Identifying Marks on Vehicles

Part of Orders of the Day — Vehicles (Crime) Bill – in the House of Commons at 5:55 pm on 30th January 2001.

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Photo of Mr David Chidgey Mr David Chidgey Shadow Spokesperson (Business, Innovation and Skills), Shadow Spokesperson (Foreign and Commonwealth Affairs) 5:55 pm, 30th January 2001

The Minister may like to reflect on the fact that left or right does not encompass the third way, and that the middle of the road is a recipe for a rather serious accident but, perhaps that is a different story.

Organised criminals are responsible for stealing motor cycles to order, removing their registration plates, obliterating identifying marks and rendering them almost untraceable. Although police have the power to seize suspected goods, current legislation—such as the Police and Criminal Evidence Act 1984—is insufficient if vehicle ownership cannot be proven. If it cannot be proven, the suspect goods have to be returned to the probably illegal owner.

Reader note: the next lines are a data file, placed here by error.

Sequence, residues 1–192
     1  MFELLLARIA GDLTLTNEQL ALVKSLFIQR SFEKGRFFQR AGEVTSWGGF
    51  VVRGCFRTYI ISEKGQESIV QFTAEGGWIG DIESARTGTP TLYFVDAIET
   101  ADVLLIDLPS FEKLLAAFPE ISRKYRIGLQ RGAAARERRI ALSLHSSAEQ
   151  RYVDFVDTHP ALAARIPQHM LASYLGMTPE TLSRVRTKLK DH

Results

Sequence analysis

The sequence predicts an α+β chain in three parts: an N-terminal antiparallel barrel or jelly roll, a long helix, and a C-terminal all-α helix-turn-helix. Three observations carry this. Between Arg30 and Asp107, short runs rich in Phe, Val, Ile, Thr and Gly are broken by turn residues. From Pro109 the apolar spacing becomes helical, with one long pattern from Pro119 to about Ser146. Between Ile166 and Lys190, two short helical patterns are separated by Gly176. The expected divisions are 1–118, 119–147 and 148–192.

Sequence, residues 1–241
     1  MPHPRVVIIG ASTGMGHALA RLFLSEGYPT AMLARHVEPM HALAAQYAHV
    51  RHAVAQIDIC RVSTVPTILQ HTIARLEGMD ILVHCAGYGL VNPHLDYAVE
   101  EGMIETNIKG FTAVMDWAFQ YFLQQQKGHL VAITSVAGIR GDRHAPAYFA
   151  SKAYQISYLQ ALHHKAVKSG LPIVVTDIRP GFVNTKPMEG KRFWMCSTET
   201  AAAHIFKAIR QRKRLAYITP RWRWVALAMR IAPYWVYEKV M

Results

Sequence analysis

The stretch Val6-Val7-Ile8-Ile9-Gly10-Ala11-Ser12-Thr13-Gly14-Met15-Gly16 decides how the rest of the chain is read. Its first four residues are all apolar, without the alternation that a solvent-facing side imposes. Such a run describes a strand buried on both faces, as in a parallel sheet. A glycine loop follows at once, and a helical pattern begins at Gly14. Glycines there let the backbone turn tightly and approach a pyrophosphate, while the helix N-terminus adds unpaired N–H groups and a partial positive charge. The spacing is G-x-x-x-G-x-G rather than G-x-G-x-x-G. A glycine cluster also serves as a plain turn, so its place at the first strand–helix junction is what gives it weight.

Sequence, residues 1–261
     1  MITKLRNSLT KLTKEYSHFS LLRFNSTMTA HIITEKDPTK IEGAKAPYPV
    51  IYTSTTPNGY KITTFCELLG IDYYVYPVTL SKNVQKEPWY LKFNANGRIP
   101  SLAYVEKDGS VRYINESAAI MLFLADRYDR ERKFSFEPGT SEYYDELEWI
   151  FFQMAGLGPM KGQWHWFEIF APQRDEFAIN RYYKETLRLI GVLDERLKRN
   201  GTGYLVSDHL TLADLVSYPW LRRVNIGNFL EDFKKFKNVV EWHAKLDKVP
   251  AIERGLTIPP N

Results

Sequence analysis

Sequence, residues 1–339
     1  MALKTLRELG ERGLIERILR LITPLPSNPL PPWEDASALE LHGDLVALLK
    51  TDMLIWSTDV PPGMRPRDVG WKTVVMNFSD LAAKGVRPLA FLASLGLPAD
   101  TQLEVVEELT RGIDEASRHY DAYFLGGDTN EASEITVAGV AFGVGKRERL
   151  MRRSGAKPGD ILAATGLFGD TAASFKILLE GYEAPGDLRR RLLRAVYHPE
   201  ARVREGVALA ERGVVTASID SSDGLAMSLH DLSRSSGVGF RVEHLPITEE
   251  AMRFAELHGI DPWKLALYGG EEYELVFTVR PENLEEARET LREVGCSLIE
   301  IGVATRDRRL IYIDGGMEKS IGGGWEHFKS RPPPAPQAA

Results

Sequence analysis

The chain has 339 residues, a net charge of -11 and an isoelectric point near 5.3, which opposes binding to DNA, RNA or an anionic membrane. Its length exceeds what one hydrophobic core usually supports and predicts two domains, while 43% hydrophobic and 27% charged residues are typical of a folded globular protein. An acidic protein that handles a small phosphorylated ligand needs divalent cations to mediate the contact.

New clause 2 would combat such crime directly by creating a new offence of possessing a vehicle without a valid identifying mark. It would place the onus on the legitimate purchaser of a motor car or a motor cycle to ensure that the vehicle carries the appropriate mark. Additionally, the mark conforms with the detail shown on the V5 form.

The new clause would also put the force of law behind current advice from trading standards officers and the Driver and Vehicle Licensing Agency. New clause 2 would underline the need for caution by any person acquiring motor vehicles of any description.